We have a data tsunami on us. And you know, I’ve said the interesting thing about a tsunami is, a tsunami will be fabulous if you could harness the energy that’s associated with one. But the difficulty is that the water just comes ashore and destroys everything. I see a similar situation for data, we get a tsunami of data but if you can’t harness it and figure out how to use it, what’s relevant and how to incorporate it all, well, then we’re going to fail.

And you know, as we had social determinacy of health. All that does is going to freeze the amount of information that’s flowing our way. I would suggest that where we need to focus is on three different things that are all related. 

And the first one is the data governance which deals essentially with a small element. Then with information governance which is radically different than data governance but also is important to figure out how we’re going to take the raw materials that’s been processed and use it in ways that makes sense. And then finally, one that I don’t so anybody paying a lot of attention to and that’s knowledge governance and it’s like one chance of information and made a discovery that’s going to potentially have great impact or discover something that’s having a harmful impact. How do you take the knowledge and distribute it?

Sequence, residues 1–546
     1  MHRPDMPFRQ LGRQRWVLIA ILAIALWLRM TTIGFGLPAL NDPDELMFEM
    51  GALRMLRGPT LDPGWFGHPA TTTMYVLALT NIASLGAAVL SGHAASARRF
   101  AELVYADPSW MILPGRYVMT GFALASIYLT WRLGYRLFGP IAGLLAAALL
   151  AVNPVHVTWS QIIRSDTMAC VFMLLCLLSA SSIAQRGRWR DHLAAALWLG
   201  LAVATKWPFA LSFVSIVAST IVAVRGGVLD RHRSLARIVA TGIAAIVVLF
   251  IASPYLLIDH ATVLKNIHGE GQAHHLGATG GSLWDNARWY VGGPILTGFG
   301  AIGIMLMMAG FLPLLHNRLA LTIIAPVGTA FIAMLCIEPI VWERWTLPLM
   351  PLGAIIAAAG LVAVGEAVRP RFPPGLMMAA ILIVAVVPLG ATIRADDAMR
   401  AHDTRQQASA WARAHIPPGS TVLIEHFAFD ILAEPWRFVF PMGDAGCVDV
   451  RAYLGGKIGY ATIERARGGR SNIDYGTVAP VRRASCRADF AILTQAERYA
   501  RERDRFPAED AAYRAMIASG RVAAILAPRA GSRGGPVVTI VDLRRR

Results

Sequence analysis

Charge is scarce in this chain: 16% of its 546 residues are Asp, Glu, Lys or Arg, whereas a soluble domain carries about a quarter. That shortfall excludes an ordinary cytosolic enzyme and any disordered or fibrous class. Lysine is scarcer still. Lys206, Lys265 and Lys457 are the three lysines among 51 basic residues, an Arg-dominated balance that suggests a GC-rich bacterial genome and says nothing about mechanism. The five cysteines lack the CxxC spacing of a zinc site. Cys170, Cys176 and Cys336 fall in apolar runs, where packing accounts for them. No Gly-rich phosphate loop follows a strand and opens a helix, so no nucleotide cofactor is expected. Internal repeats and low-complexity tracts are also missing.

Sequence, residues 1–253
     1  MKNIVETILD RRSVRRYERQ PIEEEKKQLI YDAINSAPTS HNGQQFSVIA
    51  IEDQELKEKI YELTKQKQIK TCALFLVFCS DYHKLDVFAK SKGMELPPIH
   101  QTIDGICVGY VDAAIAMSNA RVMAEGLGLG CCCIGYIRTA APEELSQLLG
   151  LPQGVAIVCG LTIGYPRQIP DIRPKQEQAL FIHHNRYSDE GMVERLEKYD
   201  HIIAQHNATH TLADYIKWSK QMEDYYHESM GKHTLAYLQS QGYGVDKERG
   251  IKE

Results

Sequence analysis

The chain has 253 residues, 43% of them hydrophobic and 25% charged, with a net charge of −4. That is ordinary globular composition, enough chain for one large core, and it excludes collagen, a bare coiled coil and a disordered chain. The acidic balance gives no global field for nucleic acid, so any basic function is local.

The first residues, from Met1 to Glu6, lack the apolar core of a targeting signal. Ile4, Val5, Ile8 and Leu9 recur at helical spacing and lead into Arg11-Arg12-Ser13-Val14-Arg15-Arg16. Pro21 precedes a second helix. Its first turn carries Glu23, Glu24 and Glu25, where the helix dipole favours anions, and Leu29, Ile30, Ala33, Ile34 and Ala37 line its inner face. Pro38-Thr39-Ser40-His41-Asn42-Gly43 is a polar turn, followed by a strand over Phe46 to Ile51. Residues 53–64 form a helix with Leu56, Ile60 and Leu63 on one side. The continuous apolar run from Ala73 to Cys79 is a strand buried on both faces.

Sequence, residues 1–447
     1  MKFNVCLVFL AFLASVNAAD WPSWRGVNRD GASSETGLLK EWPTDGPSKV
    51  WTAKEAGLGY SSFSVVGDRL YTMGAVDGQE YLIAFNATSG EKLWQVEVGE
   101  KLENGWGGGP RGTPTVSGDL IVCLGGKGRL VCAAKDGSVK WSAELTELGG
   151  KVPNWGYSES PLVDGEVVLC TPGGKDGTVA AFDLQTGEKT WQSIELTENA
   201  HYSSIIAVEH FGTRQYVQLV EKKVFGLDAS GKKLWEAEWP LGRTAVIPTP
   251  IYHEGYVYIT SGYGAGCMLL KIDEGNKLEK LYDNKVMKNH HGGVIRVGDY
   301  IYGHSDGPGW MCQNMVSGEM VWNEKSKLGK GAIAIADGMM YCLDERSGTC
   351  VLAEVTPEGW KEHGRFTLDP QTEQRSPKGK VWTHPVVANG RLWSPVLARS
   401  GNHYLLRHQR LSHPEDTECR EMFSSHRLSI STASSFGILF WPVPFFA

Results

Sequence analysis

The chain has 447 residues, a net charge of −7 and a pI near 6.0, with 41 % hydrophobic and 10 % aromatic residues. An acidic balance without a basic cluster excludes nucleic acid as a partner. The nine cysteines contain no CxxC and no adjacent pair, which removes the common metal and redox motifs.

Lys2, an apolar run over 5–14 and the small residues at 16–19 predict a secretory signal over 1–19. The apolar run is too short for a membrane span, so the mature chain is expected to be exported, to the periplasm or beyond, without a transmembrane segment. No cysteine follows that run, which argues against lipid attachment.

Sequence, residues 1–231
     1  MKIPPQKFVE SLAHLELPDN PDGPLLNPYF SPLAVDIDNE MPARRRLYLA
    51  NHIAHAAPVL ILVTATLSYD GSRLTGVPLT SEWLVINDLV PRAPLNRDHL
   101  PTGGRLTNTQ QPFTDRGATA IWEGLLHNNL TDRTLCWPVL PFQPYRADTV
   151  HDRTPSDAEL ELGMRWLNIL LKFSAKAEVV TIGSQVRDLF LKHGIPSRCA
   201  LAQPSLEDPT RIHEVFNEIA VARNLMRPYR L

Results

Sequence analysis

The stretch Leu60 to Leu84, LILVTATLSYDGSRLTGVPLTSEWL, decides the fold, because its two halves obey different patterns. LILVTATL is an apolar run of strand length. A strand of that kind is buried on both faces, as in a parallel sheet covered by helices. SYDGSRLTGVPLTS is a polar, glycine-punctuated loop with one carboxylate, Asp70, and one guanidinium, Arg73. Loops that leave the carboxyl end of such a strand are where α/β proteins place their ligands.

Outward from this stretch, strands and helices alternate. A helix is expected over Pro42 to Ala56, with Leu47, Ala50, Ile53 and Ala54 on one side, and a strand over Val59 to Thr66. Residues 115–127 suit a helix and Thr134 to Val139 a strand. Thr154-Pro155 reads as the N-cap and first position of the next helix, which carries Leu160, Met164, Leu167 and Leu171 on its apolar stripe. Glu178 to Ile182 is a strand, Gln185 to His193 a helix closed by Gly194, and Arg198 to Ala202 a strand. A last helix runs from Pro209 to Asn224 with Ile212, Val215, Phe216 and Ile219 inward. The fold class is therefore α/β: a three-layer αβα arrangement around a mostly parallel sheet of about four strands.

And you know, you hear in medicine all the time about it take 17 years from the time something happens or is discovered until the time we actually use it in our everyday lives and so with data and all the information that could be generated in the knowledge that it could be spread, how do we take advantage of that?

And then finally, I know it’s not necessarily related to the other three but I think it’s probably at a higher level, that’s innovation governance. And you know, innovation should not be a hobby or a game. Innovation should be I think founded in pragmatism and practicality. And – but you can’t figure out how to use all the three things I just talked about in the innovative way to transform what it is that we’re doing now, then innovation is great but it’s not as effective as we wouldn’t want it to be. I put that governance wrapper around all of those things and think it’s important we pay attention to those.